CIT vs CPL Tannery reported in (2009) 318 ITR 179 (Cal)

“The second contention of the assessee that owing to business expediency, obligation and exigency, the assessee had to make cash payment for purchase of goods so essential for carrying on of his business, was also not disputed by the AO. The genuinity of transactions, rate of gross profit or the fact that the bonafide of the assessee that payments are made to producers of hides and skin are also neither doubted nor disputed by the AO. On the basis of these facts it is not justified on the part of the AO to disallow 20% of the payments made u/s 40A(3) in the process of assessment. We, therefore, delete the addition of Rs. 17,90,571/- and ground no.1 is decided in favour of the assessee. “

CIT vs Crescent Export Syndicate in ITA No. 202 of 2008 dated 30.7.2008 – Jurisdictional High Court decision

“It also appears that the purchases have been held to be genuine by the learned CIT(Appeal) but the learned CIT(Appeal) has invoked Section 40A(3) for payment exceeding Rs.20,000/- since it is not made by crossed cheque or bank draft but by hearer cheques and has computed the payments falling under provisions to Section 40A (3) for Rs.78,45,580/- and disallowed @20% thereon Rs.15,69,116/-. It is also made clear that without the payment being made by bearer cheque these goods could not have been procured and it would have hampered the supply of goods within the stipulated time. Therefore, the genuineness of the purchase has been accepted by the ld. CIT(Appeal) which has also not been disputed by the department as it appears from the order so passed by the learned Tribunal. It further appears from the assessment order that neither the Assessing Officer nor the CIT(Appeal) has disbelieved the genuineness of the transaction. There was no dispute that the purchases were genuine.”

Anupam Tele Services vs ITO in (2014) 43 taxmann.com 199 (Guj)

“Section 40A(3) of the Income-tax Act, 1961, read with rule 6DD of the Income-tax Rules, 1962 – Business disallowance – Cash payment exceeding prescribed limits (Rule 6DD(j)-Assessment year 2006-07 – Assessee was working as an agent of Tata Tele Services Limited for distributing mobile cards and recharge vouchers – Principal company Tata insisted that cheque payment from assessee ’s co-operative bank would not do, since realization took longer time and such payments should be made only in cash in their bank account – If assessee would not make cash payment and make cheque payments alone, it would have received recharge vouchers delayed by 4/5 days which would severely affect its business operation – Assessee, therefore, made cash payment – Whether in view of above, no disallowance under section 40A (3) was to be made in respect of payment made to principal – Held, yes [ Paras 21 to 23] [ in favour of the assesse]”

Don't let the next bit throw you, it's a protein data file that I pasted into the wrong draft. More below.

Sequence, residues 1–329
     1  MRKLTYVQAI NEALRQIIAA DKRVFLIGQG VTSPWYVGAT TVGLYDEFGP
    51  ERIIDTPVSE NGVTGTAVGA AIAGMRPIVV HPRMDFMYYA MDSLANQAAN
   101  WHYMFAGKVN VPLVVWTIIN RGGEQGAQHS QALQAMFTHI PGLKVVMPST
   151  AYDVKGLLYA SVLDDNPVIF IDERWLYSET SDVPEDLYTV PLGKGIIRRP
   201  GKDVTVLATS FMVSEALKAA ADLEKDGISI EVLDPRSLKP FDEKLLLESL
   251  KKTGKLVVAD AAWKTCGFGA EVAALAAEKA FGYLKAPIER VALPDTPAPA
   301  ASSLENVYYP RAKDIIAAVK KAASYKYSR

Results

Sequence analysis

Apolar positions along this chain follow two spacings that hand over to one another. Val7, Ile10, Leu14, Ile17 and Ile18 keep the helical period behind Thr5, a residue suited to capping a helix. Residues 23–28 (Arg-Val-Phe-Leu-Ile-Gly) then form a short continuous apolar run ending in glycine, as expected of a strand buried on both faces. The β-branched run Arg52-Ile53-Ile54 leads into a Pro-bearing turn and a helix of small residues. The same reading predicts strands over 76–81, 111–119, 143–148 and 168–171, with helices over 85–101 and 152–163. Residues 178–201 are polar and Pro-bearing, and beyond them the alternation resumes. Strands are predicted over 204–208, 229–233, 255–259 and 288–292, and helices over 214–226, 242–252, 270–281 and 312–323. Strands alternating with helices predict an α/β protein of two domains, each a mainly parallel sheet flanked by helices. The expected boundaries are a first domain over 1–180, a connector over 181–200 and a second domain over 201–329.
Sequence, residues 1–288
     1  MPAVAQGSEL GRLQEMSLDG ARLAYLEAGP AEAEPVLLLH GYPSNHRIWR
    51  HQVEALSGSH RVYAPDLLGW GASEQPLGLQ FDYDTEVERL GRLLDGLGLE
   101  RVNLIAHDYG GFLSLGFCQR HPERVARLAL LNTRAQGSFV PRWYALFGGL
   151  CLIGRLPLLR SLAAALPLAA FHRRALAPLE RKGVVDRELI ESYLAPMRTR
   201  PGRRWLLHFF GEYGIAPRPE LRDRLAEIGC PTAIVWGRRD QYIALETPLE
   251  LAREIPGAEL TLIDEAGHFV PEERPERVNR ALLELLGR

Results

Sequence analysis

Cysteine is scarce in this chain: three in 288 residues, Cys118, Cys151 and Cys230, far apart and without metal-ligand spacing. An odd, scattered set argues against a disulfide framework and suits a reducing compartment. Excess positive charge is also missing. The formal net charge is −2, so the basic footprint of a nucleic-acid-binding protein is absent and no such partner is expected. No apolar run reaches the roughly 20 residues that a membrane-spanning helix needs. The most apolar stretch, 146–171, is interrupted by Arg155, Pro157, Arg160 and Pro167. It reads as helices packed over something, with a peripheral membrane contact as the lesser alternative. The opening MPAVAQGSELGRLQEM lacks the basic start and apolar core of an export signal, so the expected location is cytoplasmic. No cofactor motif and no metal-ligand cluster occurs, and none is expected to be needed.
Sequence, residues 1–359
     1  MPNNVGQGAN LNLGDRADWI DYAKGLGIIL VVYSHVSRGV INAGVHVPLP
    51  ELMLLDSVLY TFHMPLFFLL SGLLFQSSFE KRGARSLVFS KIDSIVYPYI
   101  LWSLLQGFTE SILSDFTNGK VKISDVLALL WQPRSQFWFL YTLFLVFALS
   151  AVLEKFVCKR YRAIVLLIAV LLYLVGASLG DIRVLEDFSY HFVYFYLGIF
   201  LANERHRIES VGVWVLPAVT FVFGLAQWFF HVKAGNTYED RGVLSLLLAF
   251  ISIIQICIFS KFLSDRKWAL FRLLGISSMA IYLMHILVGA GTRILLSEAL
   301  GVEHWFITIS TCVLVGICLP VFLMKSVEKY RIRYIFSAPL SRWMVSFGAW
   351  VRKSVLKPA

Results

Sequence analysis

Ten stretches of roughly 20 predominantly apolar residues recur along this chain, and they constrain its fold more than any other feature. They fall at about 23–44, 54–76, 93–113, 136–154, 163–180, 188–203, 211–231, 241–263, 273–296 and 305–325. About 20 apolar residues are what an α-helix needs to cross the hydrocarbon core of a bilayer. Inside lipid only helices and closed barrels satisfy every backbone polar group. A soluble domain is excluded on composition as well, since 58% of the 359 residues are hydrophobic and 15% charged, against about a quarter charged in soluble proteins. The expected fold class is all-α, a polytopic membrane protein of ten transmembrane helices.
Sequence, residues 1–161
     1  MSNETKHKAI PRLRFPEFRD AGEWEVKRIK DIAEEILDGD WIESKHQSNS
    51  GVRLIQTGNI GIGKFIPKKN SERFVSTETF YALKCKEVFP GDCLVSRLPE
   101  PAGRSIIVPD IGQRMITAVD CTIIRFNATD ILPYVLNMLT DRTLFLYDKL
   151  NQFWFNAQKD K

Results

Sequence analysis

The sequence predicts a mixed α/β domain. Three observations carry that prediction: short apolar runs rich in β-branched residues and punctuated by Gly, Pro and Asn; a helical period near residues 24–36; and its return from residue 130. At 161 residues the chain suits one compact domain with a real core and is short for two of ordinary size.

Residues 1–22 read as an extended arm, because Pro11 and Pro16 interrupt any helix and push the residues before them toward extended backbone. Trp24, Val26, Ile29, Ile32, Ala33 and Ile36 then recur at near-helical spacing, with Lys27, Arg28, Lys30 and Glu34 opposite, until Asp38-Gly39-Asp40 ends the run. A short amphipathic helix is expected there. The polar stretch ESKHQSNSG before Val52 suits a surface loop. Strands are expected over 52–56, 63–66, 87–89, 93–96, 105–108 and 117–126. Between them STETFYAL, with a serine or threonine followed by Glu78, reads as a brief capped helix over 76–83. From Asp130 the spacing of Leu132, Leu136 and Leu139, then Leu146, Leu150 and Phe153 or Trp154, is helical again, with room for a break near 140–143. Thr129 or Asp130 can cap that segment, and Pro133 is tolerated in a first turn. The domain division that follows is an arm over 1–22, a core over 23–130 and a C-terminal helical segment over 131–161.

Sri Laxmi Satyanarayana Oil Mill vs CIT reported in (2014) 49 taxmann.com 363 (Andhrapradesh High Court)

“Section 40A(3) of the Income-tax Act, 1961, read with Rule 6DD of the Income-tax Rules, 1962 – Business disallowance – Cash payment exceeding prescribed limit (Rule 6DD) – Assessee made certain payment of purchase of ground nut in cash exceeding prescribed limit – Assessee submitted that her made payment in cash because seller insisted on that and also gave incentives and discounts – Further, seller also issued certificate in support of this – Whether since assessee had placed proof of payment of consideration for its transaction to seller, and later admitted payment and there was no doubt about genuineness of payment, no disallowance could be made under section 40A(3) – Held, yes [ Para 23] [In favour of the assessee]”

CIT vs Smt. Shelly Passi reported in (2013) 350 ITR 227 (P&H)

In this case the court upheld the view of the tribunal in not applying section 40A(3) of the Act to the cash payments when ultimately, such amounts were deposited in the bank by the payee.

3.3.5. It is pertinent to notice that the primary object of enacting section 40A(3) was two fold, firstly, putting a check on trading transactions with a mind to evade the liability to tax on income earned out of such transaction and, secondly, to inculcate the banking habits amongst the business community. Apparently, this provision was directly related to curb the evasion of tax and inculcating the banking habits. Therefore, the consequence, which were to befall on account of non-observation of section 40A(3) must have nexus to the failure of such object. Therefore, the genuineness of the transactions it being free from vice of any device of evasion of tax is relevant consideration. In the instant case, the cash has been deposited directly in the bank account of the supplier i.e M/s Pickme Feeds by the assessee.